Their escape to Rumania takes place during the Ten Days of Penitence between Rosh Hashanah and Yom Kippur, a time which is supposed to provide “an opportunity to as-sess one’s actions and thought over the past year, and to question one’s existence, choices, and options in life” (Ouaknin, 2000: 66). Being in the situation they are, Abba and his companions certainly do not have a lot of “options”, but without a doubt they must continually make decisions, choices their lives could depend on, and their bare exis- tence is in jeopardy every single minute of the day..

They get into Rumania the night before Yom Kippur, the Day of Atonement, the most important festival in the Jewish calendar, “the day the human being is relieved from his past” (Ouaknin, 2000: 70). The Jews of Frampol have left their past behind and they understand they can never return to the life they knew and loved. They are in a strange country, a country they know will only be safe for a short period of time..

Abba finds a way to contact his sons, they organize a visa for their father and have him brought over to the US. Like Gimpel, Abba does not eat on the journey out of fear of touching taref. Already weak from fasting, he loses his prayer shawl and phylacteries on the way and with them his orientation. He gets ever sicker, but still finds parallels be-tween his own voyage and for example “the prophet Jonah, who fled before God” (Singer, 1982: 52). He obviously still feels that God’s wrath was what destroyed Frampol and thereby sealed his fate. His greatest worry is that he might not receive “a decent Jewish burial” (Singer, 1982: 52) and therefore won’t be able to make peace with God..

We are never told anything about the way Gimpel felt when he encountered the New World for the first time, but his father is more than overwhelmed. Looking at New York City from the ship, he mistakes the towers of Manhattan for the “pyramids of Egypt” (Singer, 1982: 52). He feels like he has been forced out of his promised land, his be-loved Frampol community, and transplanted to a strange land, where slavery is awaiting him..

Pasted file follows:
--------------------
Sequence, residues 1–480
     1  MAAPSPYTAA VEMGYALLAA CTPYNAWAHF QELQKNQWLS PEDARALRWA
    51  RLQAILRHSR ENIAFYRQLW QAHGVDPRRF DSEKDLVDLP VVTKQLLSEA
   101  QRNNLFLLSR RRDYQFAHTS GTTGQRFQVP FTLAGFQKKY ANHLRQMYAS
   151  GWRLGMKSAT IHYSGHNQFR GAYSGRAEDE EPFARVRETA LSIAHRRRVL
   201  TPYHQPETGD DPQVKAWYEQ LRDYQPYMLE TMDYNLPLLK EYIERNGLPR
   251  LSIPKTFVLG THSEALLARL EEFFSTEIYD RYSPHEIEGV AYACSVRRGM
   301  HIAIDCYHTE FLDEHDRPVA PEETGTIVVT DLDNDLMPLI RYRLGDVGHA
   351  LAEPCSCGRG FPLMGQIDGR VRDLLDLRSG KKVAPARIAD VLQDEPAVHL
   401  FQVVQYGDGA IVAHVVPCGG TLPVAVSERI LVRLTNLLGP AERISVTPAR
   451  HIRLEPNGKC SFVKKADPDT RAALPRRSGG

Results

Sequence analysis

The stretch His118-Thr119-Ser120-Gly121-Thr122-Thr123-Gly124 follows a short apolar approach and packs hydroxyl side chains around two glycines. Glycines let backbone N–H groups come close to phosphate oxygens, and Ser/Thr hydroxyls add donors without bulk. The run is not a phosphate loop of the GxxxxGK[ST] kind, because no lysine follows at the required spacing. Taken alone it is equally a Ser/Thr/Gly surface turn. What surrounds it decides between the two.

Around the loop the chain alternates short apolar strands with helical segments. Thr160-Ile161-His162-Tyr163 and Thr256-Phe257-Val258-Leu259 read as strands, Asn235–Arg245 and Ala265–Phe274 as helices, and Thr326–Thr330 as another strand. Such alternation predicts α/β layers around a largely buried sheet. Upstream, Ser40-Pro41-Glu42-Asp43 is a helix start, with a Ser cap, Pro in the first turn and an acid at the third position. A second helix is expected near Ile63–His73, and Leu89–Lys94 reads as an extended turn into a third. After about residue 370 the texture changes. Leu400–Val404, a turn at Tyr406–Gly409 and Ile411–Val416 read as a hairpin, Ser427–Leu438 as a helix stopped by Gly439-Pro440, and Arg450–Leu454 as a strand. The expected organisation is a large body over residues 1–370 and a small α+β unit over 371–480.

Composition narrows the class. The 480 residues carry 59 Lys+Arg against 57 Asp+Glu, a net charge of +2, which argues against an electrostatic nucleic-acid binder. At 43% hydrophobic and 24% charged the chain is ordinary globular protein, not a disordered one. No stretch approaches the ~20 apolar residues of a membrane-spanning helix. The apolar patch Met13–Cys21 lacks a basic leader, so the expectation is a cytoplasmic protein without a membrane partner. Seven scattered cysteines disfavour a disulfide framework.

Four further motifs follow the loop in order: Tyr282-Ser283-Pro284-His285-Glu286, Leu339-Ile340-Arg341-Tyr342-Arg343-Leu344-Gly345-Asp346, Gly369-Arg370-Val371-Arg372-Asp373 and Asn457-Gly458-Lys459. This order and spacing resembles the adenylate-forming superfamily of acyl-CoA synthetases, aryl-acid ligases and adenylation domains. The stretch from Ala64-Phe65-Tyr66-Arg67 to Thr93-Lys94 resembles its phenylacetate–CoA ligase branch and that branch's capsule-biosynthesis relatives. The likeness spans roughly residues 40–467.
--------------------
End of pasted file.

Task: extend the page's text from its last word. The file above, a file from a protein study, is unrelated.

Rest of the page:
In New York harbor Abba is meet by his sons, whom he, still disoriented, does not rec-ognize and takes for “a crowd of Polish landowners, counts and countesses, Gentile boys and girls, leaped at him, hugged him, and kissed him, crying out in a strange language, which was both Yiddish and not Yiddish” (Singer, 1982: 52f.). Apparently their Yiddish has become Americanized to such a degree that Abba can barely understand them..

Gimpel and his brothers drive Abba through New York City in a car - something he has probably never seen in his entire life - going at speed that to Abba feels like “shot arrows” (Singer, 1982: 53). He is even more overwhelmed by the glimpses of New York City that catch his eye as they fly past the window:.

“Buildings rose up and receded, as if by magic, some of the buildings touching the sky. Whole cities lay spread out before him; Abba thought of Pithom and Rameses. The car sped so fast, it seemed the people in the streets were moving backward. The air was full of thunder and light-ning; a banging and trumpeting, it was a wedding and a conflagration at once. The nations had gone wild, a heathen festival … Suddenly he thought of Jacob arriving in Egypt, where he was met by Pharaoh’s chariots. He felt, he had lived through the same experiences in a previ-ous incarnation.”.

Abba must have felt as if he had traveled through time and been catapulted centuries ahead of his own time. He is looking for something to hold on to, anything that is familiar to him. He knows in his head, that the people surrounding him are his sons, but since he cannot recognize them, or tell one from the other, his only resort, his only safe place, is yet again a passage from the Bible:.

“His beard began to tremble; a hoarse sob rose from his chest. A forgotten passage from the Bible stuck in his gullet. Blindly he embraced one of his sons and sobbed out, ‘Is this you? Alive?’ He had meant to say: ‘Now let me die, since I have seen thy face, because thou art yet alive.’” (Singer, 1982: 53).

The last section is entitled “The American Heritage”. We learn that Gimpel and his brothers have founded their own little community and lead successful lives: “Their seven homes, surrounded by gardens, stood on the shore of a lake. Every day they drove to the shoe factory, owned by Gimpel” (Singer, 1982: 53)..